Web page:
Introduction to Yesha’yahu (Isaiah) ~ Part 1

In my last post, we dug into the Spiritual Gift of Prophecy and the Office of the Prophet within the Kehilah in our time. Over the last several months, the small Skype-group I attend on Tuesday afternoons has been using the Lifeguide’s Bible Study on Yesha’yahu. There are only 24 lessons, so you know that we are not covering his entire book. Although somewhat reluctant to continue in the topic of prophecy, I sensed a tug in my spirit to do an in-depth, verse-by-verse study on my own and I will be sharing that with you throughout the next several months or so. Since there is a lot of background material I want to share, I have made the Introduction a two-part series.

Introduction

Sir Winston Churchill was once asked to give the qualifications a person needed to succeed in politics, and he replied: “It is the ability to foretell what is going to happen tomorrow, next week, next month, and next year. And to have the ability afterwards to explain why it didn’t happen.” [1]

Because God’s prophets were correct all the time, they didn’t have to explain away their mistakes. When a prophet speaks in the name of Adonai, and the prediction does not come true — that is, the word is not fulfilled — then Adonai did not speak that word. The prophet who said it spoke presumptuously; you have nothing to fear from him.” ~ Deuteronomy 18:22 (CJB) To the law and the testimony, wrote Yesha’yahu, “For they [false prophets] will indeed give you this unenlightened suggestion.” ~ Yesha’yahu 8:20 (CJB). Yesha’yahu was a man who had God’s light, and he was not afraid to let it shine.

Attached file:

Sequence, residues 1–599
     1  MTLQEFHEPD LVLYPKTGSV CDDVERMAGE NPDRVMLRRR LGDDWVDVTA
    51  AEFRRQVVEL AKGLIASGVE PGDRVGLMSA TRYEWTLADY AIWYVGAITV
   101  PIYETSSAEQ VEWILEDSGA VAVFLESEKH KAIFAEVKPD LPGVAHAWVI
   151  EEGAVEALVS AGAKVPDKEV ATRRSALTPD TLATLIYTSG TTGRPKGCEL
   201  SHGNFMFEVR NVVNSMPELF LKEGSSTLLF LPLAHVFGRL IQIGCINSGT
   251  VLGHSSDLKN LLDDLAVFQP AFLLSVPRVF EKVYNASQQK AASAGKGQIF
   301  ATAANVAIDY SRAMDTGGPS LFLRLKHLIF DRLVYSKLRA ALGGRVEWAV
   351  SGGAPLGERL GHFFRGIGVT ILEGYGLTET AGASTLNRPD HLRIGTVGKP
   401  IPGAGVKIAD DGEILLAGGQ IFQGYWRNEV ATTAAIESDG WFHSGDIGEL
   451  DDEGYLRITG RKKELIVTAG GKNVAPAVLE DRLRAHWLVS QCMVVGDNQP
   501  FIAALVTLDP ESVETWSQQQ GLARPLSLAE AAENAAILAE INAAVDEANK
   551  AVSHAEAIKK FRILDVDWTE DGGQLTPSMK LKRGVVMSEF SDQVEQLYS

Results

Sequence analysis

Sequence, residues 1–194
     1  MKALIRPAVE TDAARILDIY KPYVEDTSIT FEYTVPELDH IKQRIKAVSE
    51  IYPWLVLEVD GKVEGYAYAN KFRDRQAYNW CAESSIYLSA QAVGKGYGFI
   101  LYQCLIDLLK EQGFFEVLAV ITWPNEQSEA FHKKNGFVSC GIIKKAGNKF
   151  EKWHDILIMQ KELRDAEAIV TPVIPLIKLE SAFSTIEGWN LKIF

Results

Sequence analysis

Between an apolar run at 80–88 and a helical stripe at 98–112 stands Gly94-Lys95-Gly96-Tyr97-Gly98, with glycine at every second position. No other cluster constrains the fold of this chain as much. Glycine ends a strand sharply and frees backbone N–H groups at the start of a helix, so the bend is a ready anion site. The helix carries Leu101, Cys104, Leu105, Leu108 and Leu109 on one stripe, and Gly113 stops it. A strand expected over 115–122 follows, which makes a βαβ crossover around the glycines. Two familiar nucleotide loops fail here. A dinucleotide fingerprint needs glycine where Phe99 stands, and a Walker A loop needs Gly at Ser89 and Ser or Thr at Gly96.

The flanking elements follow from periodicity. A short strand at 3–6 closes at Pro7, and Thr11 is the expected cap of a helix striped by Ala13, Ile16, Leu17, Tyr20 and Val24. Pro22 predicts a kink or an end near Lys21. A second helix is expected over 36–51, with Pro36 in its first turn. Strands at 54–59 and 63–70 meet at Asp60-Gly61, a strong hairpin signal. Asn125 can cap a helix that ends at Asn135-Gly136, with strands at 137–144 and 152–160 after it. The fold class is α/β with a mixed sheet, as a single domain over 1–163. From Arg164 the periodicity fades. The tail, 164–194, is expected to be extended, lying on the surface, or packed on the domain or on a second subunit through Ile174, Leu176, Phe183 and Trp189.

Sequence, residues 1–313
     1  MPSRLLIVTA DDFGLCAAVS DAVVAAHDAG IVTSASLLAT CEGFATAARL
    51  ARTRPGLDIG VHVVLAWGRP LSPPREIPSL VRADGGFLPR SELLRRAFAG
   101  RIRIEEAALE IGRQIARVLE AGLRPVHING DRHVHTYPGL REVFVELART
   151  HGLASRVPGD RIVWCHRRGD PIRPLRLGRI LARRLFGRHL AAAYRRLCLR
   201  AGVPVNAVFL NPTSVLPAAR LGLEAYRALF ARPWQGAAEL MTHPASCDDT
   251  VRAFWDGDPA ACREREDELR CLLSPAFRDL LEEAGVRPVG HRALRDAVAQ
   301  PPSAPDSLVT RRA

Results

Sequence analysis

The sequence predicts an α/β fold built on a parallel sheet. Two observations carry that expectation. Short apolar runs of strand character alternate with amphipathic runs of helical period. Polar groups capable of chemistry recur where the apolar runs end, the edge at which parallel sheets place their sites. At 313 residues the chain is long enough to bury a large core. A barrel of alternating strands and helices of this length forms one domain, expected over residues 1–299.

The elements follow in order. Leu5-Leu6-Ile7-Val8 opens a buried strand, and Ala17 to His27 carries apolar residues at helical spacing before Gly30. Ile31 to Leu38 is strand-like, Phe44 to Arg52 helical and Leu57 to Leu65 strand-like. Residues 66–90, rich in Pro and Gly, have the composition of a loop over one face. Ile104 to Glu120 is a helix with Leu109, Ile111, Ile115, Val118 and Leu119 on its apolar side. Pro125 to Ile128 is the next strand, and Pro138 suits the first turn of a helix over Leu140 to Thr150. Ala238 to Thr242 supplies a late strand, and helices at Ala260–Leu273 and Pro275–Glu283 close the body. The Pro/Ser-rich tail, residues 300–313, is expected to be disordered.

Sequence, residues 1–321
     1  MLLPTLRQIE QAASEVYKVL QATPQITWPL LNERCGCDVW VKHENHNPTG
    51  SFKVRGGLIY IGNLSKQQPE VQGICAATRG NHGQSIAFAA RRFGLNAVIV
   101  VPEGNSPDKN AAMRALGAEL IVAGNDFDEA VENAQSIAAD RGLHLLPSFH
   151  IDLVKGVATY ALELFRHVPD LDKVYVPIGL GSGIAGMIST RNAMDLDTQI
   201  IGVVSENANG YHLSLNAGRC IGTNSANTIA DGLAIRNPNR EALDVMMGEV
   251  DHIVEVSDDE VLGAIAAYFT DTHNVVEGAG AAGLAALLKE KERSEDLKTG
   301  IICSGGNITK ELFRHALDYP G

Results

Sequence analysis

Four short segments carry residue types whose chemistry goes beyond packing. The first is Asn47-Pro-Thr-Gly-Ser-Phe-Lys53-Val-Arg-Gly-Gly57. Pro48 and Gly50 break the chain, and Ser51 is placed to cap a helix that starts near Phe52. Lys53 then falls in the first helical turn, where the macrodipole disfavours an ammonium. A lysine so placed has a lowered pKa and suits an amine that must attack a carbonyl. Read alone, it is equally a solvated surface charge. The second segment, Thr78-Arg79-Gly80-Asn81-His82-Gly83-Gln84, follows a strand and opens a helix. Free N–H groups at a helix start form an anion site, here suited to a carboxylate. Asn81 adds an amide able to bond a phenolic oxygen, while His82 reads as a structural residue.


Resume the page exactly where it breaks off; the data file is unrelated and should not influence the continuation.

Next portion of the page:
Since as Believers we believe that there is only one God, and since we understand that prophecy contains messages from that God, we are often inclined to think that prophecy in the Bible is a unique phenomenon. While we may be justified in thinking that any prophecy outside the Bible is fraudulent, the fact remains that biblical prophecy is part of a long tradition of prophecy in the ancient Near East. Even the Bible makes this fact known to us in the narratives about Bil’am and the prophets of Ba’al sponsored by Ach’av and Izevel.

The writing prophets of Isra’el have been designated as the “classical prophets,” and the earliest of these appear at the beginning of the eighth century. Before that time prophets such as Natan, Eliyahu, Elisha and many others are mentioned in the historical literature, but no collections of their oracles are known. They are referred to as the “pre-classical prophets.” These pre-classical prophets show the most similarity to the prophets known from the ancient world. Their messages are directed to the king and concern public policy or other issues of national significance. In that sense, these prophets serve as official or, more frequently, unofficial advisors to the king.

In contrast, the classical prophets often address the people as they offer their social and spiritual commentary. Though their messages include the pronouncement of blessing or rebuke, it is now directed toward society. As a result, the writing prophets’ express warnings concerning captivity and destruction.

In Isra’el the prophets more often represented a counterculture movement. As such the prophets tended to cluster around periods of great turmoil. During the pre-classical period the prophets Moshe, D’vorah, Sh’mu’el, Eliyahu and Elisha all served during troubled times. During the classical period prophetic activity surrounds three key periods: